Mediation Communications Are Protected, to a Point

How the mediation privilege impacts attempts to enforce oral settlement agreements allegedly reached in a private session

, New Jersey Law Journal


In order to encourage candor in mediation proceedings, New Jersey has adopted a broad and robust mediation privilege that protects against the disclosure of mediation communications in later legal proceedings. However, the privilege is not absolute and can be waived, so it is important for practitioners to understand how the privilege operates, how the privilege can be waived and what steps can be taken to prevent the disclosure of mediation communications.

This content has been archived. It is available exclusively through our partner LexisNexis®.

To view this content, please continue to Lexis Advance®.

Continue to Lexis Advance®

Not a Lexis Advance® Subscriber? Subscribe Now

Why am I seeing this?

LexisNexis® is now the exclusive third party online distributor of the broad collection of current and archived versions of ALM's legal news publications. LexisNexis® customers will be able to access and use ALM's content by subscribing to the LexisNexis® services via Lexis Advance®. This includes content from the National Law Journal®, The American Lawyer®, Law Technology News®, The New York Law Journal® and Corporate Counsel®, as well as ALM's other newspapers, directories, legal treatises, published and unpublished court opinions, and other sources of legal information.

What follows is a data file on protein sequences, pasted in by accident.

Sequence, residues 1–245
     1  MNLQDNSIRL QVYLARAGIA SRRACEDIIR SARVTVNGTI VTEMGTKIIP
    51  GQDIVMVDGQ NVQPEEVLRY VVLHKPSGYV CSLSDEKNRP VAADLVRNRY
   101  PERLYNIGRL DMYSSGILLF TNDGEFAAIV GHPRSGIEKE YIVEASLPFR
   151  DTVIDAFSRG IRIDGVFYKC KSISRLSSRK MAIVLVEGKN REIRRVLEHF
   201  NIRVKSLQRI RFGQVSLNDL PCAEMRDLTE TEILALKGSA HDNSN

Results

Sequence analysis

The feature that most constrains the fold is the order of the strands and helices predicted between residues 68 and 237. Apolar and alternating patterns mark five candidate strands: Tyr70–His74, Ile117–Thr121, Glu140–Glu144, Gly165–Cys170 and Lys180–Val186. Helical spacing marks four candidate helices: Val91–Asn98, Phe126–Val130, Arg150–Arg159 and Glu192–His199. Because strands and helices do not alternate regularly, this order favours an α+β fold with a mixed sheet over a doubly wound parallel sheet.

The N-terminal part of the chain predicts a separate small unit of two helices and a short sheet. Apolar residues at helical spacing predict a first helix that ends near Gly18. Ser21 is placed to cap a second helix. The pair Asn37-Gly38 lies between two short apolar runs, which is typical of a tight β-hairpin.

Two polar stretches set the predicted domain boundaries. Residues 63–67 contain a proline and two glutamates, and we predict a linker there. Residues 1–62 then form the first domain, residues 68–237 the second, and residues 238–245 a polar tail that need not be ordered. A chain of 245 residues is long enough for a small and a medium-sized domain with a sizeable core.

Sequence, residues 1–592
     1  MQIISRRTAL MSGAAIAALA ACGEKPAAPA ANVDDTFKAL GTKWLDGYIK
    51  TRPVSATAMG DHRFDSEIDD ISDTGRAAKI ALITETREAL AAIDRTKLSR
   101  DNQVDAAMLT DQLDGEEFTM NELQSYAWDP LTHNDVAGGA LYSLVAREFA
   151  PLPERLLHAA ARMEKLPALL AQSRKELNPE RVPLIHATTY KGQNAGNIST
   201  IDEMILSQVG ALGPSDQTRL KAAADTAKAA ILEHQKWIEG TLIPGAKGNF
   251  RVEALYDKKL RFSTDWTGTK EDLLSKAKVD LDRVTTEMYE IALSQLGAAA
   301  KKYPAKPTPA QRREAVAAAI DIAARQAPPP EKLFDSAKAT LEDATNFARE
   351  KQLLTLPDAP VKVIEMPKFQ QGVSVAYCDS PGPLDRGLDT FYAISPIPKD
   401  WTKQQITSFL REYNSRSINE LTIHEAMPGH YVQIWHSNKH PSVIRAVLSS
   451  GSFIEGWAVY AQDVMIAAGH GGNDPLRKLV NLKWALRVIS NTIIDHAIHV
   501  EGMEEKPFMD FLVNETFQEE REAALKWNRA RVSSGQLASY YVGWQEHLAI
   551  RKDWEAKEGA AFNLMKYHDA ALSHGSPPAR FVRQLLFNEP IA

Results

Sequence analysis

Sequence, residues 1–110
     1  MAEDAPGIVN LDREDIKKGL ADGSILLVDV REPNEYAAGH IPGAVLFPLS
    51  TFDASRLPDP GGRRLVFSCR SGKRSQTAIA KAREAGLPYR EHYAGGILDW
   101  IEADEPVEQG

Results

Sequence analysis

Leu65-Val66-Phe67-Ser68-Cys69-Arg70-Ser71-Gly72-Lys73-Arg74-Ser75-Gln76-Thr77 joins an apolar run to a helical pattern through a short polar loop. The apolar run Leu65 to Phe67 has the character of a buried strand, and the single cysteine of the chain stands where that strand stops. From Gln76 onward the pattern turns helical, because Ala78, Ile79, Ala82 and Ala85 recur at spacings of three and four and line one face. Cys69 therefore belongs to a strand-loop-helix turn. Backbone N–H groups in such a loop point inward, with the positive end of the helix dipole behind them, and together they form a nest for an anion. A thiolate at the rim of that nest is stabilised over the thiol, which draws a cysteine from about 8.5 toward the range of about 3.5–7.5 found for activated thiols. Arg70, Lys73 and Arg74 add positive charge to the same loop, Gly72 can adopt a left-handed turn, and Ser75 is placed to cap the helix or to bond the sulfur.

ALM's content plays a significant role in your work and research, and now through this alliance LexisNexis® will bring you access to an even more comprehensive collection of legal content.

For questions call 1-877-256-2472 or contact us at

Originally appeared in print as Mediation Communications Are Protected, to a Point

What's being said

Comments are not moderated. To report offensive comments, click here.

Preparing comment abuse report for Article #1202600416636

Thank you!

This article's comments will be reviewed.